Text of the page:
Gene Marks (and I have met way too many like him, worked with them, too sadly) has got a really bad case of White (and/or Middle-class) Savior Complex. I think of all of the ways to insult someone, the savior offensive is perhaps the worst and most divisive. Thanks to a variety of experiences and opportunities of being the sole colored person in the room, I am very sensitive of the Savior-to-all-most-unlike-me.
The sense of privilege that he, a multi-generation white middle class guy has to share his awesome wisdom with all of those ‘poor black socially-orphaned children out there in the West Phillies of the world’ is astounding. White Daddy has spoken and said you, too, my chillins, can inherit the world, just work, real, real hard for it and maybe you can get a little nibble at the pie in the sky.
Much like the malevolent step-mother in Cinderella who promises the let Cinderella go to the ball, if she does ALL of her chores and doesn’t get into trouble, telling someone working hard is all that it takes is only part of the story. Cinderella sadly learned that after busting her hump all day, Step-Mother and her daughters of privilege nix all of her dreams of a fair shot. They throw in last minute obstacles and other excuses of why she still hasn’t earned the right to go to the party. Plus, what will she wear and how will she get there?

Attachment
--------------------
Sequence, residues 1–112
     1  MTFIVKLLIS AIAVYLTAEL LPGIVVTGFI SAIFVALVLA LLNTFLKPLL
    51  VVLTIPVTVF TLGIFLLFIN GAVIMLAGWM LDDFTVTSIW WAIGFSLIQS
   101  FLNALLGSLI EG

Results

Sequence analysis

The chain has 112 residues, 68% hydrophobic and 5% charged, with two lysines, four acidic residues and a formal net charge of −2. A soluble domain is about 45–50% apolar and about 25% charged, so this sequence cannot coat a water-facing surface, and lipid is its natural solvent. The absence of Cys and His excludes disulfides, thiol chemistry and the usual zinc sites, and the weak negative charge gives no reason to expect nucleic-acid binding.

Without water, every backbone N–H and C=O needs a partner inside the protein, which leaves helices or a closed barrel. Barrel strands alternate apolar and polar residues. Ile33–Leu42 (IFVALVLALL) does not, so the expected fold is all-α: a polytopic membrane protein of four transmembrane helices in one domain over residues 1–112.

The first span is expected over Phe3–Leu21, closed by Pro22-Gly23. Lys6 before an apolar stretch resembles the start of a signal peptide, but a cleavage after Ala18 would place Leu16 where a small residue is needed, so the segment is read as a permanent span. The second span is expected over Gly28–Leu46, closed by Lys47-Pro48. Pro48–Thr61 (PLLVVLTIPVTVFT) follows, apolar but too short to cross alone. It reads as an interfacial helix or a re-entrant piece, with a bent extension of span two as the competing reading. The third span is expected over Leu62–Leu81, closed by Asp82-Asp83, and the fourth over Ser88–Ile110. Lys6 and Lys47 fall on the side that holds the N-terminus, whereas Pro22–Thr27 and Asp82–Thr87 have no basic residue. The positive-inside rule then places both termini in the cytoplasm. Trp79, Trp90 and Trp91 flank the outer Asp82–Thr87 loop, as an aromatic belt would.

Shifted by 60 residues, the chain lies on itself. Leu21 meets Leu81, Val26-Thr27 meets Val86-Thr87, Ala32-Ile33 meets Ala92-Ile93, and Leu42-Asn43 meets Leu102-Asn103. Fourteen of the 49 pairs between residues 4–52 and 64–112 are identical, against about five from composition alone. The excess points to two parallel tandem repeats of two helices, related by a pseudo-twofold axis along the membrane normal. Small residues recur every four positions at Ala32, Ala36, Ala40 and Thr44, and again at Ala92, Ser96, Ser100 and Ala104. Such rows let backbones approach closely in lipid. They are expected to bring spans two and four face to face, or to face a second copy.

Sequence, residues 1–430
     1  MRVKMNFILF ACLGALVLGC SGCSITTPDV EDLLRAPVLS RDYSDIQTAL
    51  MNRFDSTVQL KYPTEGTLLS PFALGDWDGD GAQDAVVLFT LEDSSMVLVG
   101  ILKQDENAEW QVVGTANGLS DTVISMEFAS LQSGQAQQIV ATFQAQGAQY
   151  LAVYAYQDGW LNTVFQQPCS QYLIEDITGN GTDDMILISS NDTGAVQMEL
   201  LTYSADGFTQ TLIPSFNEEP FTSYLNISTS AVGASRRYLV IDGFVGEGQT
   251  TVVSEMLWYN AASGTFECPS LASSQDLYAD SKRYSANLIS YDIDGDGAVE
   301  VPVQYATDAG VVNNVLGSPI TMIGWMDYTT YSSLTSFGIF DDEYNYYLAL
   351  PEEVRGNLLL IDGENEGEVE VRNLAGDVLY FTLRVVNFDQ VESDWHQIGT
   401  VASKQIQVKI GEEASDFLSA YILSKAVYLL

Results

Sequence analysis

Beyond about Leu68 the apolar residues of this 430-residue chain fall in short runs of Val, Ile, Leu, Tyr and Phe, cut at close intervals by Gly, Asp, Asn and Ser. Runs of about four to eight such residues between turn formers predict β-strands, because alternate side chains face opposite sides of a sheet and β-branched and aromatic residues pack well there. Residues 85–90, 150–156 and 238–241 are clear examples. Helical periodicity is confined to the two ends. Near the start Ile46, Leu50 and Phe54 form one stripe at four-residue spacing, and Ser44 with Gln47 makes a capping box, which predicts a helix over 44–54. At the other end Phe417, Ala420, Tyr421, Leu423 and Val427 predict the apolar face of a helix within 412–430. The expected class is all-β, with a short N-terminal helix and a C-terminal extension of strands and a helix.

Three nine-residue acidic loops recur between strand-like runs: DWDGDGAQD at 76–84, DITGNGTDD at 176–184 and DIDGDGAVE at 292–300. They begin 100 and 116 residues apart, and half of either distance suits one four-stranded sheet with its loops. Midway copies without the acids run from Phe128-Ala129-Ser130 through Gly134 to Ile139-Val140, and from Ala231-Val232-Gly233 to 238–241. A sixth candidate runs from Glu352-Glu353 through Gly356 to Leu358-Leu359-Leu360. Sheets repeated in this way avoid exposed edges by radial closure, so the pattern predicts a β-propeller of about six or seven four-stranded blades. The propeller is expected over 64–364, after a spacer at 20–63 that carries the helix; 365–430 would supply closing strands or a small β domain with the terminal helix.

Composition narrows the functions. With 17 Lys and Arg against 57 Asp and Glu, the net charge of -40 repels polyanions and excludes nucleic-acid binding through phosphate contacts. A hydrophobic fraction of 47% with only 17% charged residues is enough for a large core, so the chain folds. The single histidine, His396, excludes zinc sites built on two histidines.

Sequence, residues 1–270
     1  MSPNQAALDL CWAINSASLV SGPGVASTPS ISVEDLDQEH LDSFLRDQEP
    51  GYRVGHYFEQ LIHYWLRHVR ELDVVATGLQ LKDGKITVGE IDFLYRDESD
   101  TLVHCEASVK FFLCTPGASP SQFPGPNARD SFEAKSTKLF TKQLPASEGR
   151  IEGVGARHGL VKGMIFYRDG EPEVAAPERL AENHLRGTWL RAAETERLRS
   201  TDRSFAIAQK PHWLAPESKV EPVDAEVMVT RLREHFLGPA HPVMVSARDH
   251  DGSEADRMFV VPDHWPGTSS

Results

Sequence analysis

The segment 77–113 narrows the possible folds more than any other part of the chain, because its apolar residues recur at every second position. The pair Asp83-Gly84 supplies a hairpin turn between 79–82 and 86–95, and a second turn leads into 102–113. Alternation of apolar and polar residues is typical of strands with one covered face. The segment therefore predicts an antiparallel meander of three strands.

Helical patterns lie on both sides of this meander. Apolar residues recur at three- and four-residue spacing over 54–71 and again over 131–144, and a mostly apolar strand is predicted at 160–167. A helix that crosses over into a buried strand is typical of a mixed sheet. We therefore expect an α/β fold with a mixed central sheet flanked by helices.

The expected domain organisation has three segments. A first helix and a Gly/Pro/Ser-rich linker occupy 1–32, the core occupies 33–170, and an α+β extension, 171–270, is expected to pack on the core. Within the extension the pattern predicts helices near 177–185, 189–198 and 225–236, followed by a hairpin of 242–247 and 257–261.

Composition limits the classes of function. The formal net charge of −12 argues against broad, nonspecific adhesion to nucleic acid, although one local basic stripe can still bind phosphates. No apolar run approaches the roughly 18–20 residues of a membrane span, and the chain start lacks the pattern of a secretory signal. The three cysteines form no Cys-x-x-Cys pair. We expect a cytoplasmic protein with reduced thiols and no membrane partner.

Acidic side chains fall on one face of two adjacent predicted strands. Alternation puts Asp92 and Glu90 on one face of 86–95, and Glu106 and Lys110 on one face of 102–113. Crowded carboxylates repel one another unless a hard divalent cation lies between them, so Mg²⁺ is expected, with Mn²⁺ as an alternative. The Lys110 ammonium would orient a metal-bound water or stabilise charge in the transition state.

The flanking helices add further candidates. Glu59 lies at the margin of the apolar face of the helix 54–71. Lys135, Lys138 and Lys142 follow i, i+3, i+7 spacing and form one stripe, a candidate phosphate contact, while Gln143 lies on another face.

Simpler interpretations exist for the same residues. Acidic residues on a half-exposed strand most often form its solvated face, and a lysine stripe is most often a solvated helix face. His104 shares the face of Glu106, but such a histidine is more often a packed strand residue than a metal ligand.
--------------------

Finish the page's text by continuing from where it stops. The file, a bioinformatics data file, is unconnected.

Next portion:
That’s what it’s like growing up as a poor black or brown kid in most cities and other economically distressed places in this nation. In other words, there’s more to getting a foot-hold in middle class than simply knowing how to use Google Scholar. There are a number of complex and tangle-ly mazes to maneuver when one is climbing up the socioeconomic ladder. Working hard is important; but let’s not be naïve. Gene Marks gives no real mention of the hard road ahead it will be for this kids like – access to a full range of technology, transportation to these those fancy-pants magnet schools. And what about supplies, equipment, oh and perquisite education just not offered at those lousy public schools. You see, no matter how hard a kid tries, when the smartest student from a poor-functioning school district walks into my freshman biology class, I can tell. And from day one, she or he is playing catch-up with the kids who attended those private or suburban school districts.
Are his recommendations for working hard, making good grades, and trying to get into better schools bad? No, not all. It’s just that those recommendations are being made and followed everyday by poor black kids all over this nation. If he (and others like him) want to make a real difference in the lives of these communities, then I recommend working with folks and organizations already in place and leveraging that privilege to get more resources to those poorer parts of town.
Get 6 bi-monthly digital issues
+ 1yr of archive access for just $9.99